To Robert Townsend Hooe
Philada May 29th 1793.
Your favor of the 23d inst: came to my hands by the Post of yesterday.
I agree to take your offer for my flour; & will order mister whitting (my manager) to see & make arrangements with you for the delivery in Alexandria of the part which is at my mill. I wish, however, as Hay-time & harvest is, or soon will be heavy upon me, it had suited you equally, to have received it at my mill, or in the River opposite thereto.1
I accept your offer, Sir, because I am unable, at present, to attend to the markets, & not because flour has experienced the temporary fall mentioned in your letter of the above-date; for I consider that as no more than the result of a momentary circumstance—it being well known, to me at least—that the real demand for this article in the European markets is encreasing. Want of Vessels to take it off at the moment you wrote might have occasioned a fall—that has been the case here at times, & within a few days it would be up again higher than ever.
I thank you for the information of Shepherd’s intention to apply to the Court of Loudoun County for the purpose of having some of my Land on Difficult-run condemned for his benefit. I had heard of it before; & on my way to this City last October I wrote a letter to Colo. Powell on the occasion, of which the enclosed is a copy, but having received no acknowledgement thereof I presume it never reached his hands2—therefore, if you can aid me in doing what is there required of him, it will be rendering a very acceptable service to, Dr Sir, Yr mot obt Servt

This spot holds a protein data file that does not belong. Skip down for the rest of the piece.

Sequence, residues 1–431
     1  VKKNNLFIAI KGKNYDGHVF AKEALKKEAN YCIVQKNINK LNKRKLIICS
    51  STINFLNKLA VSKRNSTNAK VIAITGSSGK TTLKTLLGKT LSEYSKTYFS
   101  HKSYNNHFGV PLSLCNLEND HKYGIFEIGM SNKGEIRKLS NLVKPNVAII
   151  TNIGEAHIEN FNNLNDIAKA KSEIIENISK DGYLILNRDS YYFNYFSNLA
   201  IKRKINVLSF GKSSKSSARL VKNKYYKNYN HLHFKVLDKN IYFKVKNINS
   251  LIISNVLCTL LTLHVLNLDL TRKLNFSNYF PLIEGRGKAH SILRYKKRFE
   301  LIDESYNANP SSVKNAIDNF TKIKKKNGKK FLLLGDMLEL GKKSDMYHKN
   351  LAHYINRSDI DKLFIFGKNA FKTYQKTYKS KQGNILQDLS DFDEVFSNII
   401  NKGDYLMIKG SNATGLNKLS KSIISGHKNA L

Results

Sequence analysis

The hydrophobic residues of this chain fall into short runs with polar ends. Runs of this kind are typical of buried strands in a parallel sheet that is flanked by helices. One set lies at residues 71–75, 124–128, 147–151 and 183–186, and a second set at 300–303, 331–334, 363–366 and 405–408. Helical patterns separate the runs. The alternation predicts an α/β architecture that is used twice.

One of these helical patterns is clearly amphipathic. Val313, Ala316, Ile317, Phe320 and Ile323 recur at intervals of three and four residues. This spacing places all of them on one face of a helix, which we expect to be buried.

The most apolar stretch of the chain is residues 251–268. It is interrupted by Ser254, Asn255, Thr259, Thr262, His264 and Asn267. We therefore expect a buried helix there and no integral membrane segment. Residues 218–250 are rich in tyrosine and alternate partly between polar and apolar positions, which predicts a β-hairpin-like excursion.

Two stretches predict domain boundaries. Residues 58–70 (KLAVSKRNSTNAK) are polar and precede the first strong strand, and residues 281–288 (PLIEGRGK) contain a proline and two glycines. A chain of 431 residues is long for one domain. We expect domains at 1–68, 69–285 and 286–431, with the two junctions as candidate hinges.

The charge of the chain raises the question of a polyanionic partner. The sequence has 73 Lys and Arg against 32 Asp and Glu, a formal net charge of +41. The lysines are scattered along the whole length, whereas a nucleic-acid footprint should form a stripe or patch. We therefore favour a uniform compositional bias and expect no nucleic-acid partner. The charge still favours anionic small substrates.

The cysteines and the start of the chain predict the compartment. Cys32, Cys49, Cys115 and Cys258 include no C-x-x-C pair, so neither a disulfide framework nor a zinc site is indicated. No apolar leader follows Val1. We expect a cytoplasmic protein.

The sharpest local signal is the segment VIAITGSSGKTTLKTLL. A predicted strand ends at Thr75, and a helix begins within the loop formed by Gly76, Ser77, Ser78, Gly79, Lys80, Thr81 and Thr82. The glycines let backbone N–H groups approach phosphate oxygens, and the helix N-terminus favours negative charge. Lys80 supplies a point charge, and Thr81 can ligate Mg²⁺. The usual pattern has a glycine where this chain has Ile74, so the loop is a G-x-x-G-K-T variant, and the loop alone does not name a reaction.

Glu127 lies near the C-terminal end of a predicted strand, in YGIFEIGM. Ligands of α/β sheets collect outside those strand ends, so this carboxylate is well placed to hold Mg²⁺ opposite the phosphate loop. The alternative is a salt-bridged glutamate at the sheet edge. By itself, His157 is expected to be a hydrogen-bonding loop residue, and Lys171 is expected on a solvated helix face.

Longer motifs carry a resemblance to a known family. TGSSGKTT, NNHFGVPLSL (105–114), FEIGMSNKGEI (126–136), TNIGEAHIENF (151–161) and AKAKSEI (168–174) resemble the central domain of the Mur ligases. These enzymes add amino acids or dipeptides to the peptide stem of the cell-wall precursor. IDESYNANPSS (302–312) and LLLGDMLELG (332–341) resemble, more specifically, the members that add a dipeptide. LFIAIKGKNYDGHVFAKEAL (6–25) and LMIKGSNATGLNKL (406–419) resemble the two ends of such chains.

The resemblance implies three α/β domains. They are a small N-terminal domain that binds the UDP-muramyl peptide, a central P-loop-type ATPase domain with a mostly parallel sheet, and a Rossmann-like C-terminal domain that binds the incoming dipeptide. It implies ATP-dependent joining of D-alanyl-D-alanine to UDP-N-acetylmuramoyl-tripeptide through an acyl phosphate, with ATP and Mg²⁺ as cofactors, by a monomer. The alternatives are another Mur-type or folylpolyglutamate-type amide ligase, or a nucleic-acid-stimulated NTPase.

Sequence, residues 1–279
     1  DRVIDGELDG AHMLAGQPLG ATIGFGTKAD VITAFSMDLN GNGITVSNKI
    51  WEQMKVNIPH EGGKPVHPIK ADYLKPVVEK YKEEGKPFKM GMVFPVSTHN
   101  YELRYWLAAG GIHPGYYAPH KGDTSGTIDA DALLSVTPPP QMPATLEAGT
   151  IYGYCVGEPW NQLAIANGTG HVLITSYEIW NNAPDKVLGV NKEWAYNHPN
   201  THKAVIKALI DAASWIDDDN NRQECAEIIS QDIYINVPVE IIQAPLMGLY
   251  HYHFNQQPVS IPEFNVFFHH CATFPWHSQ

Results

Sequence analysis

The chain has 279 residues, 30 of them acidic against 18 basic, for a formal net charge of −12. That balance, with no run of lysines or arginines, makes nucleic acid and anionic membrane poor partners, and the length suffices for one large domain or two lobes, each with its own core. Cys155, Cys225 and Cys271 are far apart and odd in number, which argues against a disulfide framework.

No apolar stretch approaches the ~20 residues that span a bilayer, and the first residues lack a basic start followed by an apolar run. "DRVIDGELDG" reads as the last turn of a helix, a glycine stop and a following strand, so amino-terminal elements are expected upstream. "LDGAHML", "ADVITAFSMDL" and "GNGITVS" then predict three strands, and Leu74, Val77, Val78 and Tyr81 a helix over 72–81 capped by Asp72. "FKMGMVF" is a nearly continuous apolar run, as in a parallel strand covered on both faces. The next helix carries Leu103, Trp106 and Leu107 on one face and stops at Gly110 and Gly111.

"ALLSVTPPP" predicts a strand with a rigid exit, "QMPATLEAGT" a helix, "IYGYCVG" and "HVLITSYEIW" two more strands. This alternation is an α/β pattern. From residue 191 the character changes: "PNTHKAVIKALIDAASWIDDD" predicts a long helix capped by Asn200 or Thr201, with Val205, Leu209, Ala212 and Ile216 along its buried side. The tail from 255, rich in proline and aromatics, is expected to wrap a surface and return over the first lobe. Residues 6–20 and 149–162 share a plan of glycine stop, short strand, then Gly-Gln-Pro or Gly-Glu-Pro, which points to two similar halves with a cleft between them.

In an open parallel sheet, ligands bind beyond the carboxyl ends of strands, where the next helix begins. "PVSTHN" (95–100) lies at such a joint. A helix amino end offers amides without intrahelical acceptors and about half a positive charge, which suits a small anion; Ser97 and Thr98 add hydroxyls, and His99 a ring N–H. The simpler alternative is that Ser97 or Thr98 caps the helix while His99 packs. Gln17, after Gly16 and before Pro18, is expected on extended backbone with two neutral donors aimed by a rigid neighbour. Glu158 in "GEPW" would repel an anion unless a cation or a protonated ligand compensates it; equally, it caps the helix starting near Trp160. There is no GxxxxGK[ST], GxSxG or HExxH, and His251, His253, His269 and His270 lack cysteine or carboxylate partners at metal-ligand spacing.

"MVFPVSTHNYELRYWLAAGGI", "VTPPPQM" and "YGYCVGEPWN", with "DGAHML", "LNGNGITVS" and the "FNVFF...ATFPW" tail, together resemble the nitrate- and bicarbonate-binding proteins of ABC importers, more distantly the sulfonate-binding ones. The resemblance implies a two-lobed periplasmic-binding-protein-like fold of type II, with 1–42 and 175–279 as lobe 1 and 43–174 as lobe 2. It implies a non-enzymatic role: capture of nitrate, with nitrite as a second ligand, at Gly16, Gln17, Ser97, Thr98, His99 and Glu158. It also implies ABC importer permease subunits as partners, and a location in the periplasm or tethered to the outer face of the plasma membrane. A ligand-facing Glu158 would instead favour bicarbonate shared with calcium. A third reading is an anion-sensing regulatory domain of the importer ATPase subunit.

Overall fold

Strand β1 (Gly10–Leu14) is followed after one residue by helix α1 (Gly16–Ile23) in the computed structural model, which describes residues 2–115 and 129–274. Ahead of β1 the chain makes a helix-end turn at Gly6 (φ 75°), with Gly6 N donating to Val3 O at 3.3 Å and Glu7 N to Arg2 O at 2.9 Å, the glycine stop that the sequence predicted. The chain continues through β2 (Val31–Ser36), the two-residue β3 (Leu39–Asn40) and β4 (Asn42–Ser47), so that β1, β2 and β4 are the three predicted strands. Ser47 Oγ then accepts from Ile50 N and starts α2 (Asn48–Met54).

Copy, in Bartholomew Dandridge, Jr.’s writing, ViMtvL; LB, DLC:GW.
1. Mount Vernon’s flour was often loaded on ships from a wharf on Dogue Run for sale or storage in Alexandria. GW included his orders regarding the delivery of flour in his letter to Anthony Whitting of 29 May 1793.
2. Virginia politician and merchant Leven Powell (1737–1810) was a Revolutionary War veteran and the founder of the town of Middleburg in Loudoun County, Virginia. He served one term in the U.S. Congress, 1799–1801. GW’s letter to him of c.10–11 Oct. 1792 has not been found. For Powell’s response to GW’s instructions about possible legal action to prevent William Shepherd from seizing GW’s land on Difficult Run, see Powell to GW, 15 June 1793.